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SECOND DIVISION

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HEIRS OF LEOPOLDO DELFIN and G.R. No. 193618 SOLEDAD DELFIN, namely EMELITA D. FABRIGAR and Present:

LEONILO C. DELFIN,

NATIONAL

AUTHORITY,

Petitioners,

-versus-

HOUSING

Respondent.

CARPIO, Chairperson, BRION, DEL CASTILLO, MENDOZA, and

LEONEN,JJ.

P2o8~5vtea-:

:x:-----------------------------------------------------------------------

LEONEN,J.:

DECISION

Under Commonwealth Act No. 141, a claimant may acquire alienable and disposable public land upon evidence of e:x:clusive and notorious possession of the land since June 12, 1945. The period to acquire public land by acquisitive prescription under Presidential Decree No. 1529 begins to run only after the promulgation of a law or a proclamation by the President stating that the land is no longer intended for public use or the development of national wealth.

This resolves a Petition for Review on Certiorari 1 under Rule 45 of the 1997 Rules of Civil Procedure praying that the assailed February 26, 2010

1 Rollo, pp. 50--67.

I

Decision

2

G.R. No. 193618

Decision 2 and July 2, 2010 Resolution 3 of the Court of Appeals in CA-G.R.

CV No. 80017 be reversed, and that the May 20, 2002 Decision 4 of the

Regional Trial Court in Civil Case No. II-1801 be reinstated.

The Regional Trial Court's May 20, 2002 Decision awarded compensation to Leopoldo and Soledad Delfin (Delfin Spouses) for an Iligan City property subsequently occupied by respondent National Housing Authority.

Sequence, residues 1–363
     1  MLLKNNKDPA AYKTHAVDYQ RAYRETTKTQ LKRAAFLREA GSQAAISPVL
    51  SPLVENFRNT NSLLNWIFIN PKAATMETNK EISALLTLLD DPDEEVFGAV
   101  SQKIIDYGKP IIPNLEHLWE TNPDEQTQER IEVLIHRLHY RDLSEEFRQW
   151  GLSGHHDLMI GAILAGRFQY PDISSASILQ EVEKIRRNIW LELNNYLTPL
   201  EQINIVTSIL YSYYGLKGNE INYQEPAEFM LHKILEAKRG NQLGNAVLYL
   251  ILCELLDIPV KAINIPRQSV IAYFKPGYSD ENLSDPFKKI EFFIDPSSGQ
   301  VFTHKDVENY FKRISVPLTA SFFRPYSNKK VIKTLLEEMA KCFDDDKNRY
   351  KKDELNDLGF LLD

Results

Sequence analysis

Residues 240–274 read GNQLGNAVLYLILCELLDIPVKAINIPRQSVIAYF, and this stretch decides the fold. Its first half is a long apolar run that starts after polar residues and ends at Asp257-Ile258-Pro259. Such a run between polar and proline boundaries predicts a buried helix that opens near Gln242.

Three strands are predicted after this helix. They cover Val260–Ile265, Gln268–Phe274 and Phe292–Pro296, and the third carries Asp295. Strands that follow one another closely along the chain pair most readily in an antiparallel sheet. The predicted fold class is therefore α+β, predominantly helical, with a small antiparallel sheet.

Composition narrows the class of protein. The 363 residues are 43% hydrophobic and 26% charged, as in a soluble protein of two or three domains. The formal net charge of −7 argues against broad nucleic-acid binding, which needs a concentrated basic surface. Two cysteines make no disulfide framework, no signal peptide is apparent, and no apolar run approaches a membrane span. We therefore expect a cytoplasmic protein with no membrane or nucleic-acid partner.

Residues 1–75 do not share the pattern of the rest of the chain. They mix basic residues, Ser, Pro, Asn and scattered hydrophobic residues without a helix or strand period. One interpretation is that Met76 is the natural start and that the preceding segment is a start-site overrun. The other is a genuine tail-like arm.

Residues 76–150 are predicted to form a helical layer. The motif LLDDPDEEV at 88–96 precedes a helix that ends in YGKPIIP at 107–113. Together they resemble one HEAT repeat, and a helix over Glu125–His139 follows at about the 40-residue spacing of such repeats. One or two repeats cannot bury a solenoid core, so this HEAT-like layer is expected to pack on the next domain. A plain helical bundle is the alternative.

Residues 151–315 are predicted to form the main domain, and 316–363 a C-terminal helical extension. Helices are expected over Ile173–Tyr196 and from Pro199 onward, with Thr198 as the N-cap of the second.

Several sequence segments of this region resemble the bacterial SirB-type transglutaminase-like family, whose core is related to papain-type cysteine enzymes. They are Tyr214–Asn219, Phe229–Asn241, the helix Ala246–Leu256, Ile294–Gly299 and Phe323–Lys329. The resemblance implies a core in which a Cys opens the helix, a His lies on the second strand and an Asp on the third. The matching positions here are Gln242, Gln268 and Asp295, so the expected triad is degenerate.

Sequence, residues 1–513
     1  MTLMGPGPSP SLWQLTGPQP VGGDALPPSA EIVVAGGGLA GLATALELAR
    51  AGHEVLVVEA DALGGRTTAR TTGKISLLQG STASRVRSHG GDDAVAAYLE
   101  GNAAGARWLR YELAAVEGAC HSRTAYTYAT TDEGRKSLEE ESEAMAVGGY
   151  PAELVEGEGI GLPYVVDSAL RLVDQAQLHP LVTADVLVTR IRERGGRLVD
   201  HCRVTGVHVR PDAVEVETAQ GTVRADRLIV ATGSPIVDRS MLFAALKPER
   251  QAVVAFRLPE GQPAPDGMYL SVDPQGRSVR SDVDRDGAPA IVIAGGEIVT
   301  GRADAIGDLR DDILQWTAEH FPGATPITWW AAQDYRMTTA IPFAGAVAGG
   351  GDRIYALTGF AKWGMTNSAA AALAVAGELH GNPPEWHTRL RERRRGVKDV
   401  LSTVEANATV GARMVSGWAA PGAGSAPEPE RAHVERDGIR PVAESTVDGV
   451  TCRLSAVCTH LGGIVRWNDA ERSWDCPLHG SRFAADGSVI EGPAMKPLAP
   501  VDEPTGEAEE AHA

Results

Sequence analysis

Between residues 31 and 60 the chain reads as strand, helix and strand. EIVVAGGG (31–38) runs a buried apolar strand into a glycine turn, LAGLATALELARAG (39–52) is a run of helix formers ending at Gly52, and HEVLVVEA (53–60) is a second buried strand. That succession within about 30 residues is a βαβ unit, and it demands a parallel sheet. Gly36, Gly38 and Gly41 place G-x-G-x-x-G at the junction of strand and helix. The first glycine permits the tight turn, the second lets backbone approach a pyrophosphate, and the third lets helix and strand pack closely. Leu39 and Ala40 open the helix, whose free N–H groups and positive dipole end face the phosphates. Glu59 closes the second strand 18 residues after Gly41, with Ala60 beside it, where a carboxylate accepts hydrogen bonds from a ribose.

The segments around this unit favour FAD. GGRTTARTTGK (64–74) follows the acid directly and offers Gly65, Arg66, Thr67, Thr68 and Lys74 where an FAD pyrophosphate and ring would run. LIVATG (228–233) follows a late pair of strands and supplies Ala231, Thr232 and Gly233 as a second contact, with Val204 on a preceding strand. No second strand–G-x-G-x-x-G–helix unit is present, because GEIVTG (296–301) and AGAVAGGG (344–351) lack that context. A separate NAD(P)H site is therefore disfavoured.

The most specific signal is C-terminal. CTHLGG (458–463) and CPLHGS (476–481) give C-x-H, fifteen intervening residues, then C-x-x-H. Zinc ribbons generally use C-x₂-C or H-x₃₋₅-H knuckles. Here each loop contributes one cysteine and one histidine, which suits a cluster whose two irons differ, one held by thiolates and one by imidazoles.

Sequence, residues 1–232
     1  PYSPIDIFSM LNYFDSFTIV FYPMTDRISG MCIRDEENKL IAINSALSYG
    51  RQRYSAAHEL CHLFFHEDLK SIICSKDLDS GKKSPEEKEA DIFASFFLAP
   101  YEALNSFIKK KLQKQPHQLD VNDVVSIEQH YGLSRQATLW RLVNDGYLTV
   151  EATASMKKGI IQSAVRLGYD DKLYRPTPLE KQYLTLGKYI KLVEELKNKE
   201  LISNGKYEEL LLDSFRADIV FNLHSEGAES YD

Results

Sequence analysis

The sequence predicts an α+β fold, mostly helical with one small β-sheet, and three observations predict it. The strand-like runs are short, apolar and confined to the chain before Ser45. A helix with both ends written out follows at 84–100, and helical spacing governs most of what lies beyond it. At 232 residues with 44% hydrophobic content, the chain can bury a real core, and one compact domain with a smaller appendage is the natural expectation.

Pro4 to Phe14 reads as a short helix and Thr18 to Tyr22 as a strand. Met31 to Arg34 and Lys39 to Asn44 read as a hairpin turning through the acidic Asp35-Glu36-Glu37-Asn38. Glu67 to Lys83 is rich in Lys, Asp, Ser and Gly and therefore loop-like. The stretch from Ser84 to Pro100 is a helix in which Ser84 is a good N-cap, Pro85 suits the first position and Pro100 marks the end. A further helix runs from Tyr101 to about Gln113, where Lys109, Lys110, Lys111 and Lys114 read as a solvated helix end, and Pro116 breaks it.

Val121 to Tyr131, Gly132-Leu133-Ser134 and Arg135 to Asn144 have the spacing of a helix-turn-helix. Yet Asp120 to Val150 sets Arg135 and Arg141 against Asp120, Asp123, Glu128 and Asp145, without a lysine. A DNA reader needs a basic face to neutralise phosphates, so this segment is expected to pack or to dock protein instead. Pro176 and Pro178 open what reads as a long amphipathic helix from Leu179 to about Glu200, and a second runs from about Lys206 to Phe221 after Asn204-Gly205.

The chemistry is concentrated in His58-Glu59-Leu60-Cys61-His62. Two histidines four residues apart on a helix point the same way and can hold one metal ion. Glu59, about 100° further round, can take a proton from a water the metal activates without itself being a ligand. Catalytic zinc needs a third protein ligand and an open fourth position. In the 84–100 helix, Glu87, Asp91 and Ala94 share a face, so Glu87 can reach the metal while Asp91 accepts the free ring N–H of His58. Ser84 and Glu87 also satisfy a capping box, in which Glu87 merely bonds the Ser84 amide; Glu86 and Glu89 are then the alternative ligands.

The assailed Court of Appeals Decision reversed the Regional Trial Court's May 20, 2002 Decision and dismissed the Delfin Spouses' complaint seeking compensation. The assailed Court of Appeals Resolution denied their Motion for Reconsideration.

In a Complaint for "Payment of Parcel(s) of Land and Improvements

and Damages" 5 the Delfin Spouses claimed that they were the owners of a

28,800 square meter parcel of land in Townsite, Suarez, Iligan City (the

1951 from Felix

Natingo and Carlos Carbonay, who, allegedly, had been in actual possession of the property since time immemorial. 7 The Delfin Spouses had been declaring the Iligan Property in their names for tax purposes since 1952, 8

and had been planting it with mangoes, coconuts, com, seasonal crops, and

vegetables. 9

"Iligan Property"). 6 They allegedly bought the property in

They further alleged that, sometime in 1982, respondent National Housing Authority forcibly took possession of a 10,798 square meter portion of the property. Io Despite their repeated demands for compensation, the National Housing Authority failed to pay the value of the property. II The Delfin Spouses thus, filed their Complaint. I 2

They asserted that the property's reasonable market value was not less than P40 per square meterI 3 and that its improvements consisting of fruit-

2

4

6

7

Id. at 69-85. The Decision was penned by Associate Justice Romulo V. Borja, and concurred in by Associate Justices Edgardo T. Lloren and Angelita A. Gacutan of the Twenty-First Division, Court of Appeals, Cagayan de Oro. Id. at 99-105. The Resolution was penned by Associate Justice Romulo V. Borja, and concurred in by Associate Justices Edgardo T. Lloren and Angelita A. Gacutan of the Former Twenty-First Division, Court of Appeals, Cagayan de Oro.

Id. at 149-159. The Decision was penned by Presiding Judge Maximo B. Ratunil of the Regional Trial Court ofLanao Del Norte. Id. at 112-115.

Id. at 11.

Id. at 11 and 144. Id. at 11.

9 Id. at 120-121.

10

11

12

13